The operation of the novel image orthicon type camera tube within the image section is more fully understood by reference to FIGURE 2 and the following. The optical image of the scene is focused by lens 34 onto the photocathode 26 of the image section. The photocathode transforms the optical image into an electrical image by emitting primary electrons in proportion to the intensity of the Iillumination with the image at each point. The primary electrons are magnetically focused and accelerated by an electrostatic eld and strike the front vane surfaces 44 of the rst of a series of multiplier plates 32.

Each primary electron which strikes the rst multiplier plate with the required energy causes the release of several secondary electrons from the secondary emitting material. These secondary electrons are directed down to the adjoining vane due to the more positive potential of the back surface contacts. As explained above, each electron striking the back surface will be further multiplied in the FIGURES 3, 4 modiiication or merely reilected in the FIGURES 5, 6 modification. The next multiplier plate in the image section yis at a higher positive potential than applied to the Iirst multiplier plate. The secondary electrons emitted from the first multiplier plate are accelerated to the second multiplier plate by the positive potential. These secondary electrons strike the secondary emitting material on the front vane surfaces of the second multiplier plate and for each striking electron several more electrons are emitted. These electrons are directed down to the adjoining vane and either further multiplied or reilected. In a similar manner further electron multiplication is accomplished in successive multiplier stages.

The amplified number `of electrons move from vthe last multiplier plate to the target plate 28 where each electron causes the emission of S secondary electrons, producing S positive charges. One of these unit charges is neutralized by the striking elect-ron. The remaining (S41) unit charges are stored as a positive 4charge on the `target plate, forming an amplified electronic image :of the scene.

The number of slats 44 used in such a Venetian blind image multiplier has to be, of course, larger than the lines of resolution required, three .to four times may be considered in most cases as suicient. The number of slats shown in FIGURES 1 and 2 are diagrammatic and a great -dcal more in the actual device -is required. An image multiplier of this type, lusing a proper coating of secondary emitter on the slats, will give approximately 20 to 40 times amplification per cascaded stage. Two of these cascaded stages between .the photocathode land the target Iplate 'of .-an'image orthicon will give a preamplication as high as 1000.

The invention is not intended to be limited to the examples of embodiments shown and described but may, on the contrary, be ycapable of many modifications with out departing from the spirit of the invention.

`I claim:

An image orthicon tube comprising, in anevacuated envelope, an electron gun for providing a scanning beam, a target electrode spaced from said gun, and swept by said beam, a photocathode positioned at the end of said tube opposite .said gun, for projecting a photoelectron image on said target electrode, an electron multiplier disposed between :said photocathode and said target electrode, said multiplier including a plu-rali-ty of clos-ely spaced vanes disposed one above the other and having parallel surfaces inclined with respect to the axis of said tube yto intercept primary electrons emitted from said avoid shadowing of .said seconda-ry ernissive coatings by said lead-in conductor means, said leadin conductor means rendering the electrically-conductive ycoating on ythe side of said vane exposed .to said target positive with photocathode; each of s-aid vanes consisting of a support 5 respect to the electrically-conductive coating on the side member of electrically-insulating material, a coating .of electrically-conductive material on those opposed sides of said support member exposed to said photocathode and said target electrode, and a coating having the -pnopenty of high secondary emission on said coatings of electrically-conductive material; whereby said coatings of secondary emissive material are rigidly supported in the plane transverse to said tube axis by virtu-e of the relatively large mass of said support member and the coliesive bond developed between the respective coatings in 15 each vane, and voltage source means including lconnecting lead-in conductor means coupled to said two coatings of electrically-conductive material in such manner as to of said vane exposed to said photocathode.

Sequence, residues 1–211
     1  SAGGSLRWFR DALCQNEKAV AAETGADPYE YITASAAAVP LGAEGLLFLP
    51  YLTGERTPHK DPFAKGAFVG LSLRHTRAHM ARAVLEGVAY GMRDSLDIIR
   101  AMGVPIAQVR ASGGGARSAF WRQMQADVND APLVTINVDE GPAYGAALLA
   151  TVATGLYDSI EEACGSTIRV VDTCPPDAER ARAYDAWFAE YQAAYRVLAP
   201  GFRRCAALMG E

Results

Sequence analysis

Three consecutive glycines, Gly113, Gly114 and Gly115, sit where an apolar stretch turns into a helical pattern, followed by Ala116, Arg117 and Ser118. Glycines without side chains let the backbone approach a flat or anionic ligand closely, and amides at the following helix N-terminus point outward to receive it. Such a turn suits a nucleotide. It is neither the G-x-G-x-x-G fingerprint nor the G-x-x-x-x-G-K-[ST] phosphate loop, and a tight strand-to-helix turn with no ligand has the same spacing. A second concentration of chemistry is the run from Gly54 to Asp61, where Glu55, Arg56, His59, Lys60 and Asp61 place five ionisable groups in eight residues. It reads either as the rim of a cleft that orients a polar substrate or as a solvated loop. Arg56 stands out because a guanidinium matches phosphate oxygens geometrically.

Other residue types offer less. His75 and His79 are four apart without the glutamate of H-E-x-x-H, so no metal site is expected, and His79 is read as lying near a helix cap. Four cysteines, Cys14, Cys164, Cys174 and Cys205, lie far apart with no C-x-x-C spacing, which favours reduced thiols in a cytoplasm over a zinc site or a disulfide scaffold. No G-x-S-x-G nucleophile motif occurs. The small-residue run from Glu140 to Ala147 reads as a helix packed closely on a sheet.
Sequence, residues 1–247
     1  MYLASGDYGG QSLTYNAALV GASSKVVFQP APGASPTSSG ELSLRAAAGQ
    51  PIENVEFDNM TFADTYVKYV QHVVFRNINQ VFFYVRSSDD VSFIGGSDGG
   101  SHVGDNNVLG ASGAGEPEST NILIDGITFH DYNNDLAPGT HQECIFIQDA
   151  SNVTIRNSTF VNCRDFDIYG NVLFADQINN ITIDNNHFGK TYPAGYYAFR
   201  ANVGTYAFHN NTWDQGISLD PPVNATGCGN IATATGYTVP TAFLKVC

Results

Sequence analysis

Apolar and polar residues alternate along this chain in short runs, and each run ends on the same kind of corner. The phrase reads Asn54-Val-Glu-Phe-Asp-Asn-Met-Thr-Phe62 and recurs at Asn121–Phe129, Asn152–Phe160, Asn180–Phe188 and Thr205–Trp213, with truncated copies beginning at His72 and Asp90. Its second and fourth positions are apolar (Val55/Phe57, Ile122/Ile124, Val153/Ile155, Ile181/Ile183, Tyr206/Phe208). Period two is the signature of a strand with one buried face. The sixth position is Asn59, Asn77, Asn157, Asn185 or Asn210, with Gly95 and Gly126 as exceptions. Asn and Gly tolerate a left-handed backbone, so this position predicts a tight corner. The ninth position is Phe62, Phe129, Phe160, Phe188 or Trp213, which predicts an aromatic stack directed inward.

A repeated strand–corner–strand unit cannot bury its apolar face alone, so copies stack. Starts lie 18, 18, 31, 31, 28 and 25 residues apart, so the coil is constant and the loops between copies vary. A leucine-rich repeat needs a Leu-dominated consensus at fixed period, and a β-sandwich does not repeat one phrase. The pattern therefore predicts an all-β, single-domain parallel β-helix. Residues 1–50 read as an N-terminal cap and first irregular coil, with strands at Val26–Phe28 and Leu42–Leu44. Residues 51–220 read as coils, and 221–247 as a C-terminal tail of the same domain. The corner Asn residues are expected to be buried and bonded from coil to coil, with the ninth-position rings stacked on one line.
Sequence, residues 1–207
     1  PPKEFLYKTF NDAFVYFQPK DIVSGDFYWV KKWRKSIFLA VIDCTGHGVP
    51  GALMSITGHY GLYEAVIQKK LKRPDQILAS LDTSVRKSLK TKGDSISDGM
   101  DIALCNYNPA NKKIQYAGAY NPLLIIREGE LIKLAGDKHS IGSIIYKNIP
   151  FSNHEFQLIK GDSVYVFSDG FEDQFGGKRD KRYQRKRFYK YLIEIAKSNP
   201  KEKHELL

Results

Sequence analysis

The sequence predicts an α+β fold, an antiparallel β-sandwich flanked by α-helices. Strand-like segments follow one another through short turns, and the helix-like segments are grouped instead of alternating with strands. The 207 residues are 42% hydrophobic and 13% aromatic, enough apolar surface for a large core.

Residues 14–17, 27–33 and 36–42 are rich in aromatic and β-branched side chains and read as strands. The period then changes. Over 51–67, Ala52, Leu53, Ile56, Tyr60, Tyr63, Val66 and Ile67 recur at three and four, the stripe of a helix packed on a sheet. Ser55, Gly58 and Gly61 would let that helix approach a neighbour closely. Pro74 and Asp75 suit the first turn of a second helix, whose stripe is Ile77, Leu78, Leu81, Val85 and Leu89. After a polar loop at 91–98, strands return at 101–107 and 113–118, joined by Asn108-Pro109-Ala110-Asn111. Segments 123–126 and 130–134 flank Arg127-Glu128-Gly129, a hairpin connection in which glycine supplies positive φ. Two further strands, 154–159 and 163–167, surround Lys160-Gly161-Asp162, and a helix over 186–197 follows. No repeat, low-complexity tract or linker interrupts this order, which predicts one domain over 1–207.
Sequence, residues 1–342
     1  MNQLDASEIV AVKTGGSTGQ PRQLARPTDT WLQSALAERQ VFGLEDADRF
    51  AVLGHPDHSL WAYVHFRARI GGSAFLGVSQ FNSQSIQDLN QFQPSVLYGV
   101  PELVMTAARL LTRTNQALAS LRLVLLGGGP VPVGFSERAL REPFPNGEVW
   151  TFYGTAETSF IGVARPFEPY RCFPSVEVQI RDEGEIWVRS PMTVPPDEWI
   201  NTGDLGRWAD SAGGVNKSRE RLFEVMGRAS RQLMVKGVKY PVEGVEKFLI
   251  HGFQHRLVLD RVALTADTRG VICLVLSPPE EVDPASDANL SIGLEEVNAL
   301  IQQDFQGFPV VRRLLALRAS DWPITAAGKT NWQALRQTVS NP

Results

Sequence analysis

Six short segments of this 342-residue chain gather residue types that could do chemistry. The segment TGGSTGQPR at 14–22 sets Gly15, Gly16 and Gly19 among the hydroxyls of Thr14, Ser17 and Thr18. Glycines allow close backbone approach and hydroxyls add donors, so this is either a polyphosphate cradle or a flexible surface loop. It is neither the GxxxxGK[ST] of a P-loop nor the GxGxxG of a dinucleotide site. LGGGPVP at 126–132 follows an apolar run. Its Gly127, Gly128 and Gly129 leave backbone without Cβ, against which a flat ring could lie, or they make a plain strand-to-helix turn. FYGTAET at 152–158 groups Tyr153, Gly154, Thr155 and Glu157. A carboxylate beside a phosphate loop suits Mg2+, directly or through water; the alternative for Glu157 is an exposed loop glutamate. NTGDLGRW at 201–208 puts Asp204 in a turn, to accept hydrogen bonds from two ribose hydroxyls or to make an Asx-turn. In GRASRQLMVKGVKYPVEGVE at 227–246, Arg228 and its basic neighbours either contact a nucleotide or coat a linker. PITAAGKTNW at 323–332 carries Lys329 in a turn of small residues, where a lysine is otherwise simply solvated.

References Cited by the Examiner UNITED STATES PATENTS 10 2,236,041 3/41 rreai 313-105 2,277,246 3/42 McGee et a1. 1313-67 2,786,157 3/-57 athene 313-65 8,911,637 1/58 Roberts et a1. 313-65 2,898,499 8/59 siemgiass e1 a1 31e- 105x GEORGE N. WESTLBY, Primary Examiner.


Patent Citations
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US2277246 *4 Nov 193824 Mar 1942Emi LtdElectron discharge device
US2786157 *5 May 195219 Mar 1957Pye LtdTelevision pick-up tubes
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Referenced by
Citing PatentFiling datePublication dateApplicantTitle
US3307061 *16 Sep 196328 Feb 1967Gen ElectricElectrostatic return beam camera tube
US3389295 *11 Aug 196418 Jun 1968Westinghouse Electric CorpBroadband discharge devices of the transmission line type
US4339684 *18 Dec 197913 Jul 1982AnvarElectron multiplier tube with axial magnetic field
U.S. Classification313/377, 313/103.00R
International ClassificationH01J29/02
Cooperative ClassificationH01J29/023
European ClassificationH01J29/02D